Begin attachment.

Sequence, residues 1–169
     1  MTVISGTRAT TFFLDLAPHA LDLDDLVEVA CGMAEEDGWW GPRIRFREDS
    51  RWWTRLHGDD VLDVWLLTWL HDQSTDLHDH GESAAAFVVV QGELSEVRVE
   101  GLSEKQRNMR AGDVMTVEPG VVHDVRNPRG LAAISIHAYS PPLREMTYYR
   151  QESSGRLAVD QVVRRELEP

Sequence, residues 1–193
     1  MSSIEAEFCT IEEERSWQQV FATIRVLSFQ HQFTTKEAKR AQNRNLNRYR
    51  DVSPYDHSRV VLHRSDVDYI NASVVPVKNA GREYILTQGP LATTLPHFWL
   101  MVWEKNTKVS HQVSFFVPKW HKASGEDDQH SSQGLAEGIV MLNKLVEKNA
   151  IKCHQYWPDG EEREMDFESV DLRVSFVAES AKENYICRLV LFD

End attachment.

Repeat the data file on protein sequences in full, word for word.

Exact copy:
Sequence, residues 1–169
     1  MTVISGTRAT TFFLDLAPHA LDLDDLVEVA CGMAEEDGWW GPRIRFREDS
    51  RWWTRLHGDD VLDVWLLTWL HDQSTDLHDH GESAAAFVVV QGELSEVRVE
   101  GLSEKQRNMR AGDVMTVEPG VVHDVRNPRG LAAISIHAYS PPLREMTYYR
   151  QESSGRLAVD QVVRRELEP

Sequence, residues 1–193
     1  MSSIEAEFCT IEEERSWQQV FATIRVLSFQ HQFTTKEAKR AQNRNLNRYR
    51  DVSPYDHSRV VLHRSDVDYI NASVVPVKNA GREYILTQGP LATTLPHFWL
   101  MVWEKNTKVS HQVSFFVPKW HKASGEDDQH SSQGLAEGIV MLNKLVEKNA
   151  IKCHQYWPDG EEREMDFESV DLRVSFVAES AKENYICRLV LFD